If freedom of speech, as Justice Oliver Wendell Holmes observed, "would not protect a man in falsely shouting fire in a theater," then academic freedom should not protect the right of a professor to teach garbage. That purported right, though, seems to be enshrined at Wellesley College, one of the nation's best. There, a tenured member of the faculty has adopted as a text a book published by the Nation of Islam. He would be on surer scholarly footing if he taught astrology.

The teacher in question is Tony Martin, a professor in the African studies department, and the book is "The Secret Relationship Between Blacks and Jews." It seems to be Louis Farrakhan's favorite reading, since he refers to it often and cited it at his recent Washington press conference. The "facts" in the book are credited to various scholars, many if not all of them Jewish. As a scholarly work, though, it is fatally blemished. Its intent is to manipulate facts (some of them in dispute) to suggest that Jews played a dominant role in the enslavement of black Africans. In reality, according to Dr. Harold Brackman, one of the scholars cited by Farrakhan, Jews owned "a fraction of one percent" of the total slave population.

Historical truth is important, of course, but even if Farrakhan had his facts right, it's hard to see their relevance. After all, the ancestors of about 99 percent of American Jews were still in Europe at the time of the Civil War -- and even those who were singing "Dixie" are long dead. The relevance, if such a word can be used, is this: The "Secret Relationship" is an antisemitic tract, employing the standard lexicon of paranoia: "secret," "hidden," "facts known to only a few."

So why use "The Secret Relationship" in a college course? The answer Martin has given is that "the book is substantially accurate and represents a serious attempt at historical scholarship." As for the former, that's hardly the case. As for the latter, nothing could be further from the truth. Martin may well have provided his real reason when he wrote about the Wellesley controversy in a self-published book, "The Jewish Onslaught: Dispatches From the Wellesley Battlefront." In it, he wrote about "the on-going Jewish onslaught against black progress." The chairman of Martin's own department, Dr. Selwyn R. Cudjoe, called the book "pernicious."

Two issues have to be separated. The first is Martin's right to write his book without fear of losing his job. No problem. That is the essence of academic freedom. But when he uses an antisemitic book in his teaching and, moreover, refers to it as "substantially accurate," that is a different matter. That is like Dr. Leonard Jeffries, the City College of New York's preeminent racial theorist, teaching that whites are somehow morally and intellectual inferior to blacks because they have less melanin. Both are examples of pseudo-science based on pseudo-research that have no place in the academy.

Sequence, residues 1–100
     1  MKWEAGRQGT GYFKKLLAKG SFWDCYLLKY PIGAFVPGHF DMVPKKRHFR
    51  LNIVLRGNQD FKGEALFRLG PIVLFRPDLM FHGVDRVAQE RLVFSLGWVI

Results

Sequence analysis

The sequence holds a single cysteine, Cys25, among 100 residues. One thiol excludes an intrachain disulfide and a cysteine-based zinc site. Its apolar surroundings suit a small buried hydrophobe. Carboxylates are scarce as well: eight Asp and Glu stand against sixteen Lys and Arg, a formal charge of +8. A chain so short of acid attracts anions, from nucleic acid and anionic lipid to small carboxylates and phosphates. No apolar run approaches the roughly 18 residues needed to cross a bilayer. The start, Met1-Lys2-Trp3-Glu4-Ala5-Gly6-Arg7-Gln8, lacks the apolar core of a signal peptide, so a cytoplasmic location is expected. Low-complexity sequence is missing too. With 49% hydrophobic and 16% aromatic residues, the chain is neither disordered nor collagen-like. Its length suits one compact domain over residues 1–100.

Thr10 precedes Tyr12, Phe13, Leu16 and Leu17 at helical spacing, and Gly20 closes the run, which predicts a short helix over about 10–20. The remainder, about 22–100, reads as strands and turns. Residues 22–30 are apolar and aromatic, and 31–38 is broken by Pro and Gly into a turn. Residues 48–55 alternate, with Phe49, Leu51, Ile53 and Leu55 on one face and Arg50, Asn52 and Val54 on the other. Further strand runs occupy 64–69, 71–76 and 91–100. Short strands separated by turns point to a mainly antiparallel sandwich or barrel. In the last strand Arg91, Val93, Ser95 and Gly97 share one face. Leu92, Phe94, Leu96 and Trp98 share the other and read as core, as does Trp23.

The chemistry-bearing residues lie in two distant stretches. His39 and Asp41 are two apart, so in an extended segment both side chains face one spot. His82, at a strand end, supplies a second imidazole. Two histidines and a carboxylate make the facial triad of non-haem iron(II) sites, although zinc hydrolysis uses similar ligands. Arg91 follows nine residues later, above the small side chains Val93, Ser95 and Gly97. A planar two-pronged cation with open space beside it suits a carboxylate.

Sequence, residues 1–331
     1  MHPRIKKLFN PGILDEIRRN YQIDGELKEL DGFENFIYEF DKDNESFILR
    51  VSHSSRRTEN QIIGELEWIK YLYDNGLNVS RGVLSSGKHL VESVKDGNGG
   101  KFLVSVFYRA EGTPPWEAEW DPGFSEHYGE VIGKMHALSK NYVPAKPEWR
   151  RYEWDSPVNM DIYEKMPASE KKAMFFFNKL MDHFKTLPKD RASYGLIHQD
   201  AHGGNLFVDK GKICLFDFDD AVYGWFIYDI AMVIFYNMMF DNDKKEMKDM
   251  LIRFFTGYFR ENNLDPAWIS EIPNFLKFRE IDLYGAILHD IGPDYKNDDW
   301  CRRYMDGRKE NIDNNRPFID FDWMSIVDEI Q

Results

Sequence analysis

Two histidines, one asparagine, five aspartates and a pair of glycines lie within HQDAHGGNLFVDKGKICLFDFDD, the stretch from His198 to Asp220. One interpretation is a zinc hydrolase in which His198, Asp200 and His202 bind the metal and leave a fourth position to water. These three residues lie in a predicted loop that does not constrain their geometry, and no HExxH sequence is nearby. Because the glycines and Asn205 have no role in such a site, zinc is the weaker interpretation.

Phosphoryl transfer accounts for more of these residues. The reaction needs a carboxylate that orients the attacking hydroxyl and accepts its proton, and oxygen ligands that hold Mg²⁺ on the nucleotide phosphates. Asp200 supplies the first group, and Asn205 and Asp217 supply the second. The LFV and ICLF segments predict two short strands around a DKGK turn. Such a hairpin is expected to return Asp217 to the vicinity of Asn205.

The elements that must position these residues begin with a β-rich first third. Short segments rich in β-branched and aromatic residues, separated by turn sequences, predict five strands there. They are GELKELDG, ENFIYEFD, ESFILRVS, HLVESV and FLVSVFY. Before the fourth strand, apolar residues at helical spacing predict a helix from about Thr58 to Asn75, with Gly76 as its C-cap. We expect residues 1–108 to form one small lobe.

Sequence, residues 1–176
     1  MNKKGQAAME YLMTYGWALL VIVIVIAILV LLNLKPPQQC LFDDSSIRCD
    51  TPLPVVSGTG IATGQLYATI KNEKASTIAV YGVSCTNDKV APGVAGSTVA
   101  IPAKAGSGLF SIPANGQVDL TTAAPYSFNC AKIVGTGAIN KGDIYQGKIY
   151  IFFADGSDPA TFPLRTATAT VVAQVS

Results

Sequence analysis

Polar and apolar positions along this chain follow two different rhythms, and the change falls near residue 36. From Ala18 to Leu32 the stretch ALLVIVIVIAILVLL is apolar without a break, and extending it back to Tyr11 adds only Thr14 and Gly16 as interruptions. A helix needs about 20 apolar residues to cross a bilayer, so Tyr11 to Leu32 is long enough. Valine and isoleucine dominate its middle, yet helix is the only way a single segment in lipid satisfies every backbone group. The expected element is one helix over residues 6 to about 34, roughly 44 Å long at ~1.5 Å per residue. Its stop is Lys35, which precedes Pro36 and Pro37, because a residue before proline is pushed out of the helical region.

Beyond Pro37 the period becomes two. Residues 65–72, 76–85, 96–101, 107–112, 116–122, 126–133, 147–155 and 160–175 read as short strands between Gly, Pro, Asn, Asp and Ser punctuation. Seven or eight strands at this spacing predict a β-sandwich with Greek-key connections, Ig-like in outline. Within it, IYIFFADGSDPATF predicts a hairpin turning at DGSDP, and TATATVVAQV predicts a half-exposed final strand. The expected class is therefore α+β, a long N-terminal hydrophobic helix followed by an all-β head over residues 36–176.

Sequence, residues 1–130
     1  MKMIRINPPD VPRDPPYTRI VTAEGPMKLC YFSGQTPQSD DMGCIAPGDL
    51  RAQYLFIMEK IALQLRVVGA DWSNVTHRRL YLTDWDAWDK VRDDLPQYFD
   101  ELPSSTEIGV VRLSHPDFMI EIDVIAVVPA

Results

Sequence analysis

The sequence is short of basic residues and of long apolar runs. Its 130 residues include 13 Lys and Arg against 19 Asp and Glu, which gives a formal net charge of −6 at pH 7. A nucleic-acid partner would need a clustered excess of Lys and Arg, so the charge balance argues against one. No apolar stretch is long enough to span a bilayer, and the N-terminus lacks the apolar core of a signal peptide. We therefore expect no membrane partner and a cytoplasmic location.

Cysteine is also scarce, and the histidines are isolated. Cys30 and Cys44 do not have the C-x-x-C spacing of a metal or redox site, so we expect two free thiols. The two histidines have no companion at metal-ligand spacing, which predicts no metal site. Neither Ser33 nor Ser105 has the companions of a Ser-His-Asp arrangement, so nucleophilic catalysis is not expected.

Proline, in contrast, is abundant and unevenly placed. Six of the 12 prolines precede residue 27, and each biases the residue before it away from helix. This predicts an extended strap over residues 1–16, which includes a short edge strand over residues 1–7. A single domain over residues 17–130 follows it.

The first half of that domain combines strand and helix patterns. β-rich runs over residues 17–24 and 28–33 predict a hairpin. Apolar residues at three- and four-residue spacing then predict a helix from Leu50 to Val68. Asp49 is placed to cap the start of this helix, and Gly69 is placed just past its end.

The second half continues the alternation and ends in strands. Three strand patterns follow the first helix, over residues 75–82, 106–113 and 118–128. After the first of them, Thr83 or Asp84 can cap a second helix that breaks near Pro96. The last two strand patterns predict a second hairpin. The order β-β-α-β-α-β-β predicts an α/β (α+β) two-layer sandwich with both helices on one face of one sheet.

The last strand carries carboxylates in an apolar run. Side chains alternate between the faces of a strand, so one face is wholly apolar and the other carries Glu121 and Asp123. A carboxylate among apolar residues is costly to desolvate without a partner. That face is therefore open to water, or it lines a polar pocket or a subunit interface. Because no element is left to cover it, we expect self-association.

Wellesley, however, sees things differently. The school's president, Diana Chapman Walsh, sent out a letter to some 40,000 parents and alumni reaffirming the college's belief in academic freedom. She said the college "will not censor him {Martin} in any way. But we will censure him."

But why one and not the other? After all, if a math teacher taught that two and two equaled six, would he be protected by academic freedom? Could a racist use the writings of certain people to suggest that blacks are less intelligent than whites? Would a college tolerate the use of purported evidence to suggest that Japanese are sneaky, Chinese inscrutable, Turks cruel, Poles dumb and women shrieking hysterics who ought to be subjected monthly to house arrest?

The pretense at Wellesley is that an academic debate is in progress -- one of those on-the-one-hand-on-the-other disputes, this time about the Jewish role in slavery. But that's not what Martin is doing here. If he were to use the Nation of Islam book as an example of racist propaganda, more power to him. But when he introduces it as having scholarly bona fides, then he is trafficking in bigotry himself. The intent of the book, the very reason it was written, was to buttress Farrakhan's case that Jews were and continue to be inordinately responsible for the plight of African Americans. That is not only a lie, it stands truth on its head. If Jews played an inordinate role vis-a-vis African Americans, it was as their allies.

Wellesley and the rest of American higher education cannot allow itself to be used by bigots who abuse academic freedom. The promotion of bigotry in the classroom is not, as some would have it, an interesting dispute about academic freedom; it's a perversion of everything Wellesley and the rest of higher education are supposed to stand for. Martin should be fired not for his politics but for his incompetence.